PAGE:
The People's Highway: Route 66
Life on the Open Road
In the 1920s and 1930s, new highways began to affect people’s lives. Some Americans used highways to migrate. Others earned a living on the road, or by its side, running businesses. Many Americans began to take to the highways for pleasure. Travelers often saw the highway as a symbol of independence and freedom, even though they depended on government for the roads they drove on, and on businesses such as automobile and tire manufacturers, oil refiners, gas stations, and roadside restaurants for support.
Route 66 was commissioned in 1926 and fully paved by the late 1930s. It ran from Chicago to Los Angeles, creating connections between hundreds of small towns and providing a trucking route through the Southwest. While not the first long-distance highway, or the most traveled, Route 66 gained fame beyond almost any other road. Dubbed the “Mother Road” by John Steinbeck in The Grapes of Wrath, Route 66 carried hundreds of thousands of Depression-era migrants from the Midwest who went to California hoping for jobs and a better life.
Cyrus Avery: “The most direct road to the Pacific coast”
Like the pioneer days, when they outfitted at St. Louis for all points in the West and Southwest, so today people traveling by auto … find themselves coming to St. Louis over the various U.S. roads, and when arriving in St. Louis, by consulting their map, find U.S. 66 is the most direct road to the Pacific coast and likewise to all points in the great Southwest. “I challenge anyone to show a road of equal length that traverses more scenery, more agricultural wealth, and more mineral wealth than does U.S. 66.”Cyrus Avery
U.S. 66 route marker, 1930sGift of State of Oklahoma, Department of Transportation
“After Carl got a truck to earn more money, I was alone here to run this place. During this time, people from Arkansas, Missouri, Kansas, and eastern Oklahoma were traveling the road to the West Coast to find jobs. . . . Many times I would have people stop that were completely broke, and I would feed them and give them gas in exchange for some appliance or other articles of value they might have. Sometimes I would just buy their old broke-down cars, and then they would catch the bus and head on west looking for work.” -Lucille Hamons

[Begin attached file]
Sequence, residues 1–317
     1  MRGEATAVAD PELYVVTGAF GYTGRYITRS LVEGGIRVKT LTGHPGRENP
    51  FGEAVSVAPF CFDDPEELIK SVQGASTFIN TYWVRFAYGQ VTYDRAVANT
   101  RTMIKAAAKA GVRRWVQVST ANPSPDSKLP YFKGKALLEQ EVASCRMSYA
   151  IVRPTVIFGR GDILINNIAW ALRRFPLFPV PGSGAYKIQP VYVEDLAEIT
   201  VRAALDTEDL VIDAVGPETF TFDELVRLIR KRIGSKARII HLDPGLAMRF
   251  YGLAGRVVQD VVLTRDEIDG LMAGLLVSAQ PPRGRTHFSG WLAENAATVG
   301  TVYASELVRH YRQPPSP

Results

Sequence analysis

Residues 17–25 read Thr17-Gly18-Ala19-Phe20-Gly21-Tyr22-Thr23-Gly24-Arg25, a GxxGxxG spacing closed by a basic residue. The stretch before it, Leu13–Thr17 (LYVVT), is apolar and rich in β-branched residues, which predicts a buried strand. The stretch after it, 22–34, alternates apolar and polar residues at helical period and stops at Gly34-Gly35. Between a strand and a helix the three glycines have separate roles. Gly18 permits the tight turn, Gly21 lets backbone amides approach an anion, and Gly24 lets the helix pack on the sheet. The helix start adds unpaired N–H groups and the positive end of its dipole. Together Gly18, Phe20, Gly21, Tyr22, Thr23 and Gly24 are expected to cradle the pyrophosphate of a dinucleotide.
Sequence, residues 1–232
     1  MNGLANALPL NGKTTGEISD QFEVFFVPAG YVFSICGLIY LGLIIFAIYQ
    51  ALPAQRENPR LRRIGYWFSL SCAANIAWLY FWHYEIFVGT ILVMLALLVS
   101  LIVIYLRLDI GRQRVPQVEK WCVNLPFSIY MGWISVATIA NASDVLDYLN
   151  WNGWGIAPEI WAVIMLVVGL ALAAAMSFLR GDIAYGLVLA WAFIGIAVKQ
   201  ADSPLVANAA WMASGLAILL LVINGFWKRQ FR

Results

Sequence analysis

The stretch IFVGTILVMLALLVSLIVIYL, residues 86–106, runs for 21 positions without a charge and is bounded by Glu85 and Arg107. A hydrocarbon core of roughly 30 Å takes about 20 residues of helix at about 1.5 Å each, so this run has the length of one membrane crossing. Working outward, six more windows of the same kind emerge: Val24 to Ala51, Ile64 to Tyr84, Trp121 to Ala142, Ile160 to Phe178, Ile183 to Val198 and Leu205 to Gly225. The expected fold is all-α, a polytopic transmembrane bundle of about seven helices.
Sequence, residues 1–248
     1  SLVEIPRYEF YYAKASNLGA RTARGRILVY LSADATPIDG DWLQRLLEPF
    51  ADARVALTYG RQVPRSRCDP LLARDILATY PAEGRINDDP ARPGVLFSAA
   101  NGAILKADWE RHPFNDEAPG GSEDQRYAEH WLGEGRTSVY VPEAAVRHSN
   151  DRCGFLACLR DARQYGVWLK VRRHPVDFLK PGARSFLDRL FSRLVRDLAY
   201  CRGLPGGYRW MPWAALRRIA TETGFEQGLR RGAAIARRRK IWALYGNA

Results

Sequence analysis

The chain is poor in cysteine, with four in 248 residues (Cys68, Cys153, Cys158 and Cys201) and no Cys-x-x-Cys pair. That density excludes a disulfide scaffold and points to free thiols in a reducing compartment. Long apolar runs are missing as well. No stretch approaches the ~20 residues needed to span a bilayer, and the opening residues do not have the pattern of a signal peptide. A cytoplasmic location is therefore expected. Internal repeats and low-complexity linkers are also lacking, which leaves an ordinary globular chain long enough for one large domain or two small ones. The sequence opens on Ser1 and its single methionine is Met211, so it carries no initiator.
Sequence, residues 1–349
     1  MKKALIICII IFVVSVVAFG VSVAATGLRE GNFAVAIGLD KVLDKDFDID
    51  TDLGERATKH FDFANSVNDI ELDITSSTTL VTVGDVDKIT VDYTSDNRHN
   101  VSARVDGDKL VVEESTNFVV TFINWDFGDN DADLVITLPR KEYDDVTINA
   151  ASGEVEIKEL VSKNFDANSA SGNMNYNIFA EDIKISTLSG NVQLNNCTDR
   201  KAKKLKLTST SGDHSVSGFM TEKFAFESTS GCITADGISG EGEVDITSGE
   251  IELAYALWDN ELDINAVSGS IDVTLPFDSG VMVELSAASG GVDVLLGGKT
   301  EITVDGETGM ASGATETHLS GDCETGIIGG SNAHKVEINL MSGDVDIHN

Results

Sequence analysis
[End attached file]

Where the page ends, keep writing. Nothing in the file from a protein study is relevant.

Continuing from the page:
Sign from Hamons Court on Route 66, Provine, Oklahoma, 1941Gift of Cheryl Hamons Nowka, Carlisle L. Hamons, Carla M. Hamons Wyatt, and Delpha D. Martin
Mama and Daddy were making it on a 40-acre farm they had leased.... [After the fire] it was all gone. The barn, the wagon, the plows, the cows, the horses, and Daddy’s prized Model A Ford. He set out to town on foot to get himself another car.... He came back home with a ’26 Chevy and a little homemade trailer bumping along behind. They gave up the lease on the 40 acres, loaded what belongings they had in the trailer, and headed west toward California.” -Merle Haggard,Sing Me Back Home: My Story (1981)
We got to Bakersfield the following Friday. We found a lot with a Santa Fe refrigerator car on it. The owner gave us nine months free rent if we would cut windows and doors in it, and do the plumbing to make a livable place of it. We took advantage of the offer and … added little improvements until it was a cozy little home.” -Flossie Haggard
“Our rest stops were lots of fun”
We made plans to drive from Rochester, New York, to Hermosa Beach, California.…Mary Jane drove her car, I drove mine. Somewhere in Missouri we … crossed some railroad tracks, and my two front tires blew. We had to spend an extra day for repairs.…On the road again, we became aware of a car with four young men doing the same as we. Our rest stops were lots of fun with some boys to talk with. Getting close to Albuquerque, we noticed the reddest soil all around. As we went through Flagstaff the next day, we were treated to a magnificent morning sky.…Thanksgiving Day 1947: the boys headed off to their intended destination, and we girls were welcomed with open arms at my parents’ house in Hermosa Beach.” —Caroline Millbank Short
Bobby and Cynthia Troup: “Get your kicks on Route 66”
In 1946 Bobby Troup, an aspiring songwriter and music arranger, drove from Pennsylvania to Los Angeles to advance his career. During the long trip, his wife, Cynthia, suggested that he write a song about highways, and she thought of the rhyme “Get your kicks on Route 66.” Bobby wrote the rest of the words and music as they traveled the famous highway. In Los Angeles he performed the song for Nat King Cole, who made it a hit. The Troups’ song became a monument to long-distance car travel.
The Delgadillo family: “Playing with bands up and down Route 66”
“During the Great Depression, times became tough and my dad’s business was very poor, and we were just about ready to join the Grapes of Wrath people. Our house was boarded up, and my dad and brothers got our Model T Ford ready, they built a trailer to haul all our things. I was just a little bitty guy, and I was real scared about what was going to happen to us. Then my brothers Juan and Joe got jobs playing with bands and traveling up and down Route 66, and we didn’t have to leave after all.”—Angel Delgadillo Jr.